sudarshan gaikaiwari

mostly programming


2006/02 sudarshan gaikaiwaripersonal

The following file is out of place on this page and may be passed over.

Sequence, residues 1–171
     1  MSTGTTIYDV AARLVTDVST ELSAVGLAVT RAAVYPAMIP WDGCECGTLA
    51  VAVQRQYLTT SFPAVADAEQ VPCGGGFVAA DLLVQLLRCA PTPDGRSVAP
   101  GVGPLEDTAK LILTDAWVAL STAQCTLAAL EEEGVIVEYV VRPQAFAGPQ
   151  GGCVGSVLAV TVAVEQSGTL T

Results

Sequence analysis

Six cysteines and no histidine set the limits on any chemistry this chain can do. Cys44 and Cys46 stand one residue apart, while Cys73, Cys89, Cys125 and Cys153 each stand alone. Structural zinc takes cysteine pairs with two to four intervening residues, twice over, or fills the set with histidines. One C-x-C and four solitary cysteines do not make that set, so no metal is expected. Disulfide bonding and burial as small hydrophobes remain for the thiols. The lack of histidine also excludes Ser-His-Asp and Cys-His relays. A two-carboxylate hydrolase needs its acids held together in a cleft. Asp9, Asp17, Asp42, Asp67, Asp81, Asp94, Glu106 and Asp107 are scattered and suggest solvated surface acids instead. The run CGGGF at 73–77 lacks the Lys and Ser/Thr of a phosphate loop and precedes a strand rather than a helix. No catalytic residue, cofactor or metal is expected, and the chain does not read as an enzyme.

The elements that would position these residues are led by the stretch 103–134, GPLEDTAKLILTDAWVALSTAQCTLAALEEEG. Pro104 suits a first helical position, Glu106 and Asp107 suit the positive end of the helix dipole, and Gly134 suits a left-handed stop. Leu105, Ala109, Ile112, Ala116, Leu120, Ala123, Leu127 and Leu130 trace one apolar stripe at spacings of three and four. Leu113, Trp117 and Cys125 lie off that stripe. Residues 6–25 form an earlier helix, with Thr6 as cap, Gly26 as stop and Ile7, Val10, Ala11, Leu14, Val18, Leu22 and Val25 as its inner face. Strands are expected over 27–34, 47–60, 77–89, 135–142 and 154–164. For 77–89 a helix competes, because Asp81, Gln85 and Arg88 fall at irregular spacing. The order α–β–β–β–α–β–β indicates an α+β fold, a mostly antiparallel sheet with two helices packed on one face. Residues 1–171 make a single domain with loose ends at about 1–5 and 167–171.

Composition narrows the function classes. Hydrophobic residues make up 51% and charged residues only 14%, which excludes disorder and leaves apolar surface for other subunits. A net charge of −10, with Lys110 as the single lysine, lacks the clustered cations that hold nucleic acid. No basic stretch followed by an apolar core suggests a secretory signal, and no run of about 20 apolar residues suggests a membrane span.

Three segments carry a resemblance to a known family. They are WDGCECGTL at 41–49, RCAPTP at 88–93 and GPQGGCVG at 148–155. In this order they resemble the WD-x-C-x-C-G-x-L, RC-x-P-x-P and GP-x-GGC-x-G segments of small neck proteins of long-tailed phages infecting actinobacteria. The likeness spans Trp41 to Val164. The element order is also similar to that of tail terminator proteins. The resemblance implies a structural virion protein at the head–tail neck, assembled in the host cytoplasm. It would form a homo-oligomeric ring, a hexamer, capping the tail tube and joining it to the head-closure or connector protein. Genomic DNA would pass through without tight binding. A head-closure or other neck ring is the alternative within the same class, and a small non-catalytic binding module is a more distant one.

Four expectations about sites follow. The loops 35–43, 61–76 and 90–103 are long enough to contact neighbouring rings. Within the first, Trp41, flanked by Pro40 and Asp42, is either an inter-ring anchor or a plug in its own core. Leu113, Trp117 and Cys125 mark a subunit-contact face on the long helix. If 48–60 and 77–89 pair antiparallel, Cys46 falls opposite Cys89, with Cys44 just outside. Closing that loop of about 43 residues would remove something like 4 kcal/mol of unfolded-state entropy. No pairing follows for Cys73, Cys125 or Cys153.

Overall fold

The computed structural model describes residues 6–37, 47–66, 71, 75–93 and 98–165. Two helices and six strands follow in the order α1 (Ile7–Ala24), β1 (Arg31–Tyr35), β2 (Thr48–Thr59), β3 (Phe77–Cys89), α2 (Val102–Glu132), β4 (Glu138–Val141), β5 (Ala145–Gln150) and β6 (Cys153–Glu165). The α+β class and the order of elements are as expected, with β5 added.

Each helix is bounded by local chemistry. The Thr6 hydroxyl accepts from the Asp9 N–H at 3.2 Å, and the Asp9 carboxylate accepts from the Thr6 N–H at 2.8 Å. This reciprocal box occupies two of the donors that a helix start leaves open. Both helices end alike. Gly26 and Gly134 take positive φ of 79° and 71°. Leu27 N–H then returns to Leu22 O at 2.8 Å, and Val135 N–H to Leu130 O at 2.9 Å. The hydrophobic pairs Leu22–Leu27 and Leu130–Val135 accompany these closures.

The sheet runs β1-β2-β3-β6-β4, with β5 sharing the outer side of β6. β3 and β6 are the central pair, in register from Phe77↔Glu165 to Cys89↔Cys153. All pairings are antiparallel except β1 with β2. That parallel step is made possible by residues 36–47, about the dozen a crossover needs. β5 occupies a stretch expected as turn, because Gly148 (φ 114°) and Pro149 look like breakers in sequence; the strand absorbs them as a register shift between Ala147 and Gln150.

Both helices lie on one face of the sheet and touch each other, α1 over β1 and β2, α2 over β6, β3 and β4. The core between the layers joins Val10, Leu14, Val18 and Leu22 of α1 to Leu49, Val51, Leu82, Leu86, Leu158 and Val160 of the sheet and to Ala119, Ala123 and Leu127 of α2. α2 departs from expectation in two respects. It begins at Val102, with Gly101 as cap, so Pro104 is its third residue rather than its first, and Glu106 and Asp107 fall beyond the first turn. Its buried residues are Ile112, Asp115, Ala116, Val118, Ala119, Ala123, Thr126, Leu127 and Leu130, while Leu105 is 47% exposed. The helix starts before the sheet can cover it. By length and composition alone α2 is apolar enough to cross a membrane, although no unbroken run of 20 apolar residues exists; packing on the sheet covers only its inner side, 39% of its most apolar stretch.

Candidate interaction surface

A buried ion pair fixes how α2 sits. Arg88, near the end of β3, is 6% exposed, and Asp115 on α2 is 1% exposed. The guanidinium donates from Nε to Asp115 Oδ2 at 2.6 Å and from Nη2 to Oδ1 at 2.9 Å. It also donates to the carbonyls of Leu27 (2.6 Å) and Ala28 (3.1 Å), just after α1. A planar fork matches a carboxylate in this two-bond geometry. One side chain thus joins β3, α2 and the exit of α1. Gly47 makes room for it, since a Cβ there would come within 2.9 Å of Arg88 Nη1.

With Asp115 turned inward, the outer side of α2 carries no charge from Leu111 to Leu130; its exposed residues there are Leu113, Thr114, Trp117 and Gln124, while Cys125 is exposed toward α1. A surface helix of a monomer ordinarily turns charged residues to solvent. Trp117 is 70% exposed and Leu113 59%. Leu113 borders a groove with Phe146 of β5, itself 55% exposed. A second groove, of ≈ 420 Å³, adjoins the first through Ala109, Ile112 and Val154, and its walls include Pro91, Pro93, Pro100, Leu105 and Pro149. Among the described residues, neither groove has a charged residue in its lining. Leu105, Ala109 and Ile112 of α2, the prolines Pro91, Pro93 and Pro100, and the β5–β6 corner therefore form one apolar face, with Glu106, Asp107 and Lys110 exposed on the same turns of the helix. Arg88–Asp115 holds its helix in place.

After a hiatus of nearly two and a half years I watched a Hindi movie. I made a feeble attempt at watching Dus but was unable to endure it for more than an hour. Mani Ratnam is one of those rare Indian directors who treats movies as an art form not just eye candy. As a youth Roja and Bombay were my favorite movies. Yuva is supposed to be his look at the today’s Indian youth. It also serves up dollops of patriotism and idealism which are purely fictional. Although the story is inspirational I felt that Mani Ratnam seems to have lost his touch. Or maybe I am incapable of sitting thru long three hours movies anymore. The other person who seems to have lost his touch is A. R. Rehman. None of the songs is memorable. I tried listening to the songs again hoping they might grow on me but no such luck. They are just unhummable. More than half the movie is flash backs trying to build the three main characters Ajay Devgan’s Michael Mukherjee the idealistic student leader who wants to reform Indian politics, Vivek Oberoi’s Arjun a college kid who chases women and wants to pursue a MBA at Cornell, and Abhishek Bachan’s Lallan, the muscle of the local politician. While Ajay Devgan’s Michael Mukherjee was entirely fictional I could easily identify with Vivek Oberoi’s Arjun. Most of my friends have been through this phase. The lure of the west is still irresistible in spite of the much higher standard of living now afforded to certain professionals in India. However the character that left the largest impression was Lallan. The absolute lack of morals and the will to power was almost Nietzschean. I have always believed that as an actor Abhishek Bachan was a better actor than his father. And in this movie he demonstrates it.